Diary of Saad Eskander, Director of the Iraq National Library and Archive, posted online by British library

Historians in the News

When the Saddam regime was toppled in 2003, the Iraq National Library and Archive in Baghdad was set alight and looted. Much damage was done, in particular to the library’s archive collections. Dr Saad Eskander, the Director of the Iraq National Library and Archive – a former British Library reader pass-holder – has visited the British Library on several occasions subsequently.

In 2005, with the damage to the library collections greater than had first been thought, Dr Eskander requested some specific assistance from us for rebuilding his collections. With monetary assistance from the Foreign & Commonwealth Office, we were able to help by providing microfilm copies of rare books and also microfiche copies of India Office records relating to the administration of Iraq 1914-1921. Later in the same year, Chief Executive Lynne Brindley hosted a dinner Dr Eskander, attended by a number of prominent librarians from the public library and university library sector. A consignment of publications is currently on its way to Baghdad as a further contribution to the rebuilding of the National Library and Archive.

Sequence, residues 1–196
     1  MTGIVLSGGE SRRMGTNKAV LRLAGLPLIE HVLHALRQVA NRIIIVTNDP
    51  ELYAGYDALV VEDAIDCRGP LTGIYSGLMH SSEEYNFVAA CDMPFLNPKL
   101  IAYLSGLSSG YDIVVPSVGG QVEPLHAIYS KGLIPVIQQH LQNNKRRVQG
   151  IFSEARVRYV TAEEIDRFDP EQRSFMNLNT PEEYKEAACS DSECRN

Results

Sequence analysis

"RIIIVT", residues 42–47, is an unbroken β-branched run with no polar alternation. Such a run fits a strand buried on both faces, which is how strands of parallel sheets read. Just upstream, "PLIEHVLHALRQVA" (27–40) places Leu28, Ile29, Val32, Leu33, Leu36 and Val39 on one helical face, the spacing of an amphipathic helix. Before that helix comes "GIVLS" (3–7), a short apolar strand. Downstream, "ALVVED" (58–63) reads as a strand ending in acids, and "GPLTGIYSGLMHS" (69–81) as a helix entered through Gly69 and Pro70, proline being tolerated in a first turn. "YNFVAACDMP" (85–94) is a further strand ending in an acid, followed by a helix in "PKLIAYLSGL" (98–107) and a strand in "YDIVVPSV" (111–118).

Dr Eskander's journal, which appears with his kind permission, starts in November 2006 and describes the perilous and tragic situation that the Iraq National Library and Archive is operating under and which led to the institution's temporary closure at the end of that month.

In early December, after consulting the heads of his departments, Dr Eskander re-opened the National Library and Archive even though the security situation remained as bad as before.
Read entire article at http://www.bl.uk

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